The whole procedure took less than five minutes and cost $8.  I walked straight to Anders and Hans without looking in the mirror.

“Where’s Mommy’s hair?” I asked Hans, and I bent my head down right in front of him.  His warm little fingers rubbed over my stubble and he giggled, thankfully.  “All gone!” I said as lightheartedly as I could at that moment.

Some women actually consider not doing chemo because they can’t imagine life without hair.  I can’t imagine life without life, so there you go.

So perhaps it makes total sense that I like to squeeze the tube until nothing else comes out.  Because that means, really, that you’re about to get a brand-spanking fat new tube.

And I love that, too.

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Words I Love: #5

This week it shall be words of gluttony, in homage to the recent holidays and the damage done to waistlines across America.

To wit, the word glop.  It just sits up there, all jello-y and slightly wiggling.  A glop of mashed potatoes is what everyone gets at the Glader house, because a spoonful just doesn’t convey the message.  And honestly, it’s more like 4 spoonfuls.  Which is equal to one glop, if you must know.

Sop is a cousin of glop.  Sop comes in and cleans up the mess that glop leaves.  Damn glop, can’t take him anywhere …  Sop is often found near a thick slice of bread, or, actually more precisely, sop is IN the slice of bread, because sop is what you do with your bread and that last drizzle of gravy smooshed all over your plate.  When I think of the word sop, I see glistening lips and hear lots of slurping sounds.

Now, we all need to make way for plop, who is the superstar of the family, forever known for her role in the Alka Seltzer commercial.  Ah, the days when advertising copywriters would use words that evoke sound!  Plop, plop, fizz, fizz, OH!  What a relief it is!   The “p” on the end of plop sounds like a beautiful bubble bursting, and it’s so fitting.  When you plop a few ice cubes into your cocktail, there is a satisfying tiny splash.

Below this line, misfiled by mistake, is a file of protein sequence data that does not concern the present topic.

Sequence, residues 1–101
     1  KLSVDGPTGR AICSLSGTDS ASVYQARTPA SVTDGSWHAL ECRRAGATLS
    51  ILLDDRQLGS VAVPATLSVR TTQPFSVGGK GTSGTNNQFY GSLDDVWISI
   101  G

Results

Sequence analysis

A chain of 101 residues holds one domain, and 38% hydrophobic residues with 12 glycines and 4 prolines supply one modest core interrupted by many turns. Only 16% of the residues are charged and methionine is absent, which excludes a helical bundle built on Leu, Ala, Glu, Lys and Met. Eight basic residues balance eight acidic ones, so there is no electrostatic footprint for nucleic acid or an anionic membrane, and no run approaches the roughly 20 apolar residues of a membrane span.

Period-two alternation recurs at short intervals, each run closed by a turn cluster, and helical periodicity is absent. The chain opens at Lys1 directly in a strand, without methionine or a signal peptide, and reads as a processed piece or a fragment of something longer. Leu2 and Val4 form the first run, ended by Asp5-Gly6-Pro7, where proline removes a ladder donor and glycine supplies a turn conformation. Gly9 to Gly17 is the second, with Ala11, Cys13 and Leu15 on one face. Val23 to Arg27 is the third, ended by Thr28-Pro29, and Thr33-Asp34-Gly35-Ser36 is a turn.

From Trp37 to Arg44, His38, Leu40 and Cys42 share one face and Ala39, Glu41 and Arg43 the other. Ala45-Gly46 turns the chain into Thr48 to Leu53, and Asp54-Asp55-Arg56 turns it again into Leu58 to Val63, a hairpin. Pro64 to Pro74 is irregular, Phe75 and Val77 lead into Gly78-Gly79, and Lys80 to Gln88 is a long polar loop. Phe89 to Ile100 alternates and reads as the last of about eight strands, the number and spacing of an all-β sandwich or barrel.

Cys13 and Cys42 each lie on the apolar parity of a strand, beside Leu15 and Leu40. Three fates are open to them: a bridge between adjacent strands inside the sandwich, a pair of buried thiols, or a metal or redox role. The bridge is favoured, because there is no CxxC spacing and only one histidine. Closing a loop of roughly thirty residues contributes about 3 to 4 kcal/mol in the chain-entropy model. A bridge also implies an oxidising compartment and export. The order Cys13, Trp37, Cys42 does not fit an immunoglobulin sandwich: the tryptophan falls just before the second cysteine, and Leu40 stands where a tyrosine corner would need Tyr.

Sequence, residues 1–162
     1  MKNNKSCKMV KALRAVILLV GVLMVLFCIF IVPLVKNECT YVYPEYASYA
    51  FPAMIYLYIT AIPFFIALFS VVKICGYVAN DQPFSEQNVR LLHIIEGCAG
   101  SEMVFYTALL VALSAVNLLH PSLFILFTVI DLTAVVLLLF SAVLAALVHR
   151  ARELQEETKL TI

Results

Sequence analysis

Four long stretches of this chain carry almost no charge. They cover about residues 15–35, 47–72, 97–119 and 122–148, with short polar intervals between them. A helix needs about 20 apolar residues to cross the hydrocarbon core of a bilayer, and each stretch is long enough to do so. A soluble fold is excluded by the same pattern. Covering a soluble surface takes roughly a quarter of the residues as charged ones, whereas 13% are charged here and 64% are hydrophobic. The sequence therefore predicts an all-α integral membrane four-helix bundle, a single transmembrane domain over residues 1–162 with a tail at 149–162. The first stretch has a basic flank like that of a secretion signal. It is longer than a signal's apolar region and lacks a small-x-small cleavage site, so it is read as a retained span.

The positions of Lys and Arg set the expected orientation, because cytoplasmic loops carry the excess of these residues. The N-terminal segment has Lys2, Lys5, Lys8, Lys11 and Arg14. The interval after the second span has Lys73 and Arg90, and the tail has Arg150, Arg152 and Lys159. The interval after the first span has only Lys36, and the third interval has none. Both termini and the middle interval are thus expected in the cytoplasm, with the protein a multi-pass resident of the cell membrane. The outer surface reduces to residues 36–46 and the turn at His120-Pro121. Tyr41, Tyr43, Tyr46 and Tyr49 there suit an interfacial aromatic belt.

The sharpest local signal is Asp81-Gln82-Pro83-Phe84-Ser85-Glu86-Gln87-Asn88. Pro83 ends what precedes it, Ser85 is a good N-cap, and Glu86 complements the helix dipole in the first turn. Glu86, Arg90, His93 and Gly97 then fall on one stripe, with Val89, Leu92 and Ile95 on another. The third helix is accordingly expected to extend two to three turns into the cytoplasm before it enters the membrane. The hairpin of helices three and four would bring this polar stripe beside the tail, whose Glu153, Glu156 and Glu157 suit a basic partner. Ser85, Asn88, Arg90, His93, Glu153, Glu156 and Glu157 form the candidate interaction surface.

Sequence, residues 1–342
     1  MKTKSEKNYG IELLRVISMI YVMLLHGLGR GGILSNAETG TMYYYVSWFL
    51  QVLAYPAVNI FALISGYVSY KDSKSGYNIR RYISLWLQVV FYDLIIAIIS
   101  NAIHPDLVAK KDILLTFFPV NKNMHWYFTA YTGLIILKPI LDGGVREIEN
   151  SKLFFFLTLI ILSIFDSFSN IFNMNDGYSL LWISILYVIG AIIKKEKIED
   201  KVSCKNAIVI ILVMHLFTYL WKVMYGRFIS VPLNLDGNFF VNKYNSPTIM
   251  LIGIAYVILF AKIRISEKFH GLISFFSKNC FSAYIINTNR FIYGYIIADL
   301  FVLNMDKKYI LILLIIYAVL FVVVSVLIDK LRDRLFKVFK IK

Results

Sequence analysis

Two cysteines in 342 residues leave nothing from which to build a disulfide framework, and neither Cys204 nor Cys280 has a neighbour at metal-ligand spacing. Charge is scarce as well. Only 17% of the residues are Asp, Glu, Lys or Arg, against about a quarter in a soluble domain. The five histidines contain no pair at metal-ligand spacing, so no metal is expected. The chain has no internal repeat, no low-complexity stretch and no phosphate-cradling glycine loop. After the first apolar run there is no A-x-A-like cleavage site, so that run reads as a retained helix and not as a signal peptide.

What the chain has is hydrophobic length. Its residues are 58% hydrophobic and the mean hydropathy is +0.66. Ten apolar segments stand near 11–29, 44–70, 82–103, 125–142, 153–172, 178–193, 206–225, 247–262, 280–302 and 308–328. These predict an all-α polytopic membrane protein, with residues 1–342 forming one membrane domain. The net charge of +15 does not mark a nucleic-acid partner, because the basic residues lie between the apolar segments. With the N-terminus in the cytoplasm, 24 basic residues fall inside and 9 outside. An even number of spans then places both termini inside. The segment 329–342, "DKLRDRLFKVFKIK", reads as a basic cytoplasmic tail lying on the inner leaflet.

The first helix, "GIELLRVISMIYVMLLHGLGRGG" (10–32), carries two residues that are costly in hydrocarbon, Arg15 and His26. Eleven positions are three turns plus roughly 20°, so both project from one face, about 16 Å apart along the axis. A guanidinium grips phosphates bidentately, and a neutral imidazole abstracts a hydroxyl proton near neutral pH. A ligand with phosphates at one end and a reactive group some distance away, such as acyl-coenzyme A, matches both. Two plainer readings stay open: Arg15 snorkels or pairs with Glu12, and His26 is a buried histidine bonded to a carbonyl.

Then you can do some gulping, which certainly isn’t recommended if you are drinking my husband’s margaritas.  But gulp is so lusty and big.  There is bravado in gulp.

And I bet you have never realized that gulp spelled backwards is another fantastic word?  Plug.  Plug is not a word of gluttony.  It’s a word of control.  Which is what you need to do here in the new year to fit back into your jeans.

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The Universe Speaks

Call it the law of attraction.  Or karma.  Or just a spectacular coincidence.

But what would you call it if you had a conversation with your mentor about how you really really should think about speaking to others about your topic of passion, and not just in a casual way but in a Stand-Up-Before-You-And-Get-Paid fashion.  Then you leave that person and stop at the library and check out a few books on public speaking before you pick up your son to go home.  And at home the little light on your answering machine is blinking.  And the nice lady who just left you a message says how she would like you to be the program speaker for her upcoming fundraising event.

I mean, what do you call that?  Other than ah-mazing.

I’ll take it, of course.  And ask for many more helpings, please.  If all I must do is focus on what I want to happen, which is sometimes harder to do than I would like, then I should get on that.

And so should you.

Maybe we should all sit down with a pen and pencil, and just focus in on a few things here this new year that we would like to happen.  Maybe say them out loud a few times.

That way, whomever is listening can get right on the job of making our dreams come true.